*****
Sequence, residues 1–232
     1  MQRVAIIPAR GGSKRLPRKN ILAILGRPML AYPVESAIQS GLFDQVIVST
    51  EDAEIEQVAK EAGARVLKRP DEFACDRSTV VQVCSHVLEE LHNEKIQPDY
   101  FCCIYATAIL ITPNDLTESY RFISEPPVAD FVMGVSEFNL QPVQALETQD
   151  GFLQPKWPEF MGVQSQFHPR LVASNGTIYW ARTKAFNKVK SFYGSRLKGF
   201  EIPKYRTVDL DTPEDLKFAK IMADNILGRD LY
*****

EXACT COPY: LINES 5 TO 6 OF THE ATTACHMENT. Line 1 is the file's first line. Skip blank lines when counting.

   151  GFLQPKWPEF MGVQSQFHPR LVASNGTIYW ARTKAFNKVK SFYGSRLKGF
   201  EIPKYRTVDL DTPEDLKFAK IMADNILGRD LY